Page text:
Democratic Senate candidates in coal-reliant states are turning to Sen. Elizabeth Warren (D., Mass.), a progressive favorite and potential 2016 presidential candidate, to give them a boost in closely contested races this fall.
West Virginian Natalie Tennant is the latest Democratic Senate candidate to publicly oppose a proposed regulation on coal-fired power plants while raising money from liberal groups that support the measure, according to reports and campaign finance records.
Labor unions criticized the Environmental Protection Agency’s new regulations on carbon emissions from power plants on Monday, highlighting growing tensions between the environmentalist and working class arms of the Democratic Party.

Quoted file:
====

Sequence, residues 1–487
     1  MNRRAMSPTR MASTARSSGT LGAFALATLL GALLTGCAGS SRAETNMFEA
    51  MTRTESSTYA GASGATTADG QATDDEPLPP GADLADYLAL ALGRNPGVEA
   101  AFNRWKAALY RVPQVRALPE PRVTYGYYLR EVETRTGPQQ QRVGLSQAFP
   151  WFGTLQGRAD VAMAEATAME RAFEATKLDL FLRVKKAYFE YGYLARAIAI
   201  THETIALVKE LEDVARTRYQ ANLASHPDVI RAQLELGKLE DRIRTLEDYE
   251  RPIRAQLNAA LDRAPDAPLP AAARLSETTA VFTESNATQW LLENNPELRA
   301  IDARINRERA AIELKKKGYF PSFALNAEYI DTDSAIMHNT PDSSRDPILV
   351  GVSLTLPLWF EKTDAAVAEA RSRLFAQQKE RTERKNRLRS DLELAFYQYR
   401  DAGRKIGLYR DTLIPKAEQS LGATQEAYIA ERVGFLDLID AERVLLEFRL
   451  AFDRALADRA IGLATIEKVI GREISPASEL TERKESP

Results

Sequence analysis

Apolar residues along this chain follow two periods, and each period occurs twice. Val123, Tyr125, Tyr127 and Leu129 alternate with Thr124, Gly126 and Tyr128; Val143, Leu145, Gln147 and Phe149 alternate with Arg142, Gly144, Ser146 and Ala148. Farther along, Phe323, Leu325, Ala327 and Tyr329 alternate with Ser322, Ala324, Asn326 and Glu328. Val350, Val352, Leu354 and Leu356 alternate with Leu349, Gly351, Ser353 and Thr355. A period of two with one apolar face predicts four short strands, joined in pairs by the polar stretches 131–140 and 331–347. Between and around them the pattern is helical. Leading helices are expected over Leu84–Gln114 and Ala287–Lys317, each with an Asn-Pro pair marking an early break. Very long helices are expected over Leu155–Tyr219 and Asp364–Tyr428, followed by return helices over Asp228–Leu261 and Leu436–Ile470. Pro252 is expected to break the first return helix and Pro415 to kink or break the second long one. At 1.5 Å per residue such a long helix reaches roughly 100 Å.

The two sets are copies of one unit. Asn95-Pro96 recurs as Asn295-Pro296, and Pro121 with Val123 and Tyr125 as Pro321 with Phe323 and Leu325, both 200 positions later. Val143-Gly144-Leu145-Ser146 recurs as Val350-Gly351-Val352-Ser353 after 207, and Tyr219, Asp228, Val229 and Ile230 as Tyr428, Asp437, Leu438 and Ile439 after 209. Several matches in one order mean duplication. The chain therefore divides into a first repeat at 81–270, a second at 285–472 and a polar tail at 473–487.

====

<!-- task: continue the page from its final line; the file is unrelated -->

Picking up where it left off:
Sen. Mark Udall (D., Colo.) called the Environmental Protection Agency’s (EPA) plan to cut carbon emissions from power plants by 30 percent, which could cost industry $50 billion a year to comply, a “good start.”
The Obama administration released an aggressive plan Monday to reduce carbon emissions from power plants in the United States by 30 percent by the year 2030, a move panned by critics of executive overreach, vulnerable Senate Democrats, and the energy industry.